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Broken (in the best possible way)


Broken (in the best possible way)

In her latest book, BROKEN (in the best possible way), Jenny Lawson focuses on her struggles with mental health and the ups and downs of living with severe anxiety and depression. She highlights the problems of our current health care system that result in circular patterns of coverage denials created to avoid paying for necessary treatments, and how that exacerbates mental health issues for those already struggling.

After years of suffering, Lawson chronicles her decision to try an experimental procedure called transcranial magnetic stimulation (TMS), a process that she describes as “wearing a magnet on your head that feels like a woodpecker is drilling into your skull for forty minutes a day for six to eight weeks.” TMS is not for the faint of heart.

"BROKEN is an entertaining, brutally honest and at times hilarious look at Jenny Lawson’s life and how she approaches her health issues."

An extreme introvert, Lawson explains in “All of the Reasons Why I'm Not Coming to Your Party” and “INTROVERTS UNITE! (But Sweet Baby Jesus, Not in Real Life)” what it feels like to be an introvert and how everyone’s experience varies. In perfect detail, she expounds on how much of an introvert she is and the toll it takes on her when she has to stretch outside her comfort zone for periods of time. She addresses her depression in much the same way. Her willingness to be so open about her mental health battles will provide comfort to those with similar issues. Also, family and friends of those individuals will better comprehend how it feels to suffer in these ways, allowing for more empathy and understanding.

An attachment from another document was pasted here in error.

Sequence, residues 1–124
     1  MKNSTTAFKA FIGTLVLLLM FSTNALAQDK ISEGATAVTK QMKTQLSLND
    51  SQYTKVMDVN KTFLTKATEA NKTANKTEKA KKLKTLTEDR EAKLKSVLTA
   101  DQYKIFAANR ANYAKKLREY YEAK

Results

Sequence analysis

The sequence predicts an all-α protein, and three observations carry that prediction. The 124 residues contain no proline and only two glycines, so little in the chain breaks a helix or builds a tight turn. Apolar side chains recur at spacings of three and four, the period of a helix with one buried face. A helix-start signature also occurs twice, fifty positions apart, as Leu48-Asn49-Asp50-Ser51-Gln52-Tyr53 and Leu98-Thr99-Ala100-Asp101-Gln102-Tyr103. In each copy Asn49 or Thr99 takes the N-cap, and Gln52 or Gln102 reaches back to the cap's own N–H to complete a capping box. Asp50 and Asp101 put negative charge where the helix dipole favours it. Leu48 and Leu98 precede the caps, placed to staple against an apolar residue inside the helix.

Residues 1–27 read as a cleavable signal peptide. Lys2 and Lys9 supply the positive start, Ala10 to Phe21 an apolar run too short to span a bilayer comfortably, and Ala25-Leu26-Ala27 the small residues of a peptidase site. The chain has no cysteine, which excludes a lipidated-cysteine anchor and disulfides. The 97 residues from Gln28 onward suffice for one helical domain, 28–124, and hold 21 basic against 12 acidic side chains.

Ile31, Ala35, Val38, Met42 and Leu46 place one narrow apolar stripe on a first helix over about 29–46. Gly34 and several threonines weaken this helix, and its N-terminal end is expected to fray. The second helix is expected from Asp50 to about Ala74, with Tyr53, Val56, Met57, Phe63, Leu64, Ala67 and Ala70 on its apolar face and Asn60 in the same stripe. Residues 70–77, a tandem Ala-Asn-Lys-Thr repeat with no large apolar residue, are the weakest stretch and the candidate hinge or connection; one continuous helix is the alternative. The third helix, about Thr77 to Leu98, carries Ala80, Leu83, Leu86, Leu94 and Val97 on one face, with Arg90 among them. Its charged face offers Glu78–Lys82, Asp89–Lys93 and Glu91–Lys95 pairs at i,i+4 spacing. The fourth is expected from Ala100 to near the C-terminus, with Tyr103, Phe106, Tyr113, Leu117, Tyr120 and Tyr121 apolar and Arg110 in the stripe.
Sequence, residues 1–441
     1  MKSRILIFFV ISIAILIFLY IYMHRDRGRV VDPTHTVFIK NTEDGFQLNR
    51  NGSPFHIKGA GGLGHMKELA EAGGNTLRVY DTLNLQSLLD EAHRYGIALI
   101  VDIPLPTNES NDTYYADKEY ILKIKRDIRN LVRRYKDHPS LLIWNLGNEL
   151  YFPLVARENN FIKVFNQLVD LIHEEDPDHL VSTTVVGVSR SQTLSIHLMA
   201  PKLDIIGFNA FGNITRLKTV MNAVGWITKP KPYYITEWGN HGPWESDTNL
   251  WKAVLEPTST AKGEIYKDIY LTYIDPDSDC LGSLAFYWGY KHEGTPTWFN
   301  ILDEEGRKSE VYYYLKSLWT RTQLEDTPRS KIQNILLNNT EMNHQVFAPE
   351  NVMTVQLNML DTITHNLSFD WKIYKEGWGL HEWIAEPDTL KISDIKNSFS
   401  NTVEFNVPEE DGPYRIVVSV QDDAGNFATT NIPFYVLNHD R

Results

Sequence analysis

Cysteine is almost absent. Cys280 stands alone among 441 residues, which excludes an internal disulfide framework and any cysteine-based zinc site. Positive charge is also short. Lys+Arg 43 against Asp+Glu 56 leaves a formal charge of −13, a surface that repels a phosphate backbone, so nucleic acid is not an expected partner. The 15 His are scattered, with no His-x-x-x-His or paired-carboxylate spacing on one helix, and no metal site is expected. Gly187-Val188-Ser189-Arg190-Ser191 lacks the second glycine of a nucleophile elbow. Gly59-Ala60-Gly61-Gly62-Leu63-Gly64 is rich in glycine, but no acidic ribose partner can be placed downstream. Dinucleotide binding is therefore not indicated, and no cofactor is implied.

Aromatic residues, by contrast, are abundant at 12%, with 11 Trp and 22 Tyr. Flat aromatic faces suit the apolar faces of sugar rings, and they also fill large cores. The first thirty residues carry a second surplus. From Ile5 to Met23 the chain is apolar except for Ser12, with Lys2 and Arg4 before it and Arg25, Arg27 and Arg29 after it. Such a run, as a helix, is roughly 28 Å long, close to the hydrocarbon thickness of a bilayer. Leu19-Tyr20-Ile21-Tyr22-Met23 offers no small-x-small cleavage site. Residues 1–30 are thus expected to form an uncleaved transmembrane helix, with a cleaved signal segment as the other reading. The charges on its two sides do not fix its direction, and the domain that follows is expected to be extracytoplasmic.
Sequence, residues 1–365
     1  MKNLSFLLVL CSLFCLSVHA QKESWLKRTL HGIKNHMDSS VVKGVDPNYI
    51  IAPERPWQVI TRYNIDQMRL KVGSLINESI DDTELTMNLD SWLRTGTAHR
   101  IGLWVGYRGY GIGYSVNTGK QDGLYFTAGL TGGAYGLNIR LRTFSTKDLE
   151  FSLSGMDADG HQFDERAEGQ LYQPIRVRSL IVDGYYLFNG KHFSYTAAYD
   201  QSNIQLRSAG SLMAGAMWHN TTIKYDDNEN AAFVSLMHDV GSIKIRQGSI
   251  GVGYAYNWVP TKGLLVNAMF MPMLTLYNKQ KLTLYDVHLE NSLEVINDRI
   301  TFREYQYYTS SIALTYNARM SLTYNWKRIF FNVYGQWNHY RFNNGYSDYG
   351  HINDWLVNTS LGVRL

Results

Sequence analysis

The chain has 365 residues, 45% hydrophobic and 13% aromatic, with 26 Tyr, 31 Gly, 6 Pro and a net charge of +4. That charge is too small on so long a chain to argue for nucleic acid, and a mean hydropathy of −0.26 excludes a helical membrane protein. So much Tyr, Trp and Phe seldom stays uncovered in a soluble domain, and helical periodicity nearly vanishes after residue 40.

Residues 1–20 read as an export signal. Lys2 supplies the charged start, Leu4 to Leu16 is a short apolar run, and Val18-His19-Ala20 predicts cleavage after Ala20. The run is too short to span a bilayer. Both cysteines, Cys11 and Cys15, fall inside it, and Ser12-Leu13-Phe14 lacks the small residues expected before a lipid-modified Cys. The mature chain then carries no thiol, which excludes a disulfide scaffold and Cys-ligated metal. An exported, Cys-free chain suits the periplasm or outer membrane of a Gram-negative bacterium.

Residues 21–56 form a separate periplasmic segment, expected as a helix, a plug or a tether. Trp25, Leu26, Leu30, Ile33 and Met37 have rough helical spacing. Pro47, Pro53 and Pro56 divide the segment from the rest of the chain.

While the portions of the book related to her mental health struggles are compelling and entertaining, the chapters focusing on her self-described “awkwardness of being me” are lighter but equally comical. “Awkwarding Brings Us Together” contains her Twitter followers’ responses to an awkward moment she shared with them and is hilarious. She had experienced an uncomfortable interaction with an airport cashier and tweeted about it. To her surprise (and delight), instead of commenting on this encounter, tons of people responded with their own laugh-out-loud, inept moments, including one by @theatrical: “My carry-on got pulled for a random search by the TSA. I had it packed so tight I warned the officer that 'it might explode.’” Readers will be highly entertained by the various anecdotes and most likely will identify with at least one or two of them.

Another standout is “Editing Is Hell. Mostly for Editors,” which is sidesplittingly funny and a great glimpse into what it is like working with Lawson while she is writing. One such exchange:

Editor: You’re missing an antecedent.
Me: No, YOU’RE missing an antecedent.
Editor: What?
Me: Never mind. I’ve been drunking.
Editor: *drinking*
Me: Touché.


There are a few less engaging entries, such as “Business Ideas to Pitch on Shark Tank” and “That Time I Got Haunted by Lizards with Bike Horns,” which don’t really add much to the book. Still, BROKEN is an entertaining, brutally honest and at times hilarious look at Jenny Lawson’s life and how she approaches her health issues.

Reviewed by Cindy Burnett on April 23, 2021

Broken (in the best possible way)
by Jenny Lawson

  • Publication Date: May 3, 2022
  • Genres: Essays, Humor, Memoir, Nonfiction
  • Paperback: 320 pages
  • Publisher: Holt Paperbacks
  • ISBN-10: 1250812488
  • ISBN-13: 9781250812483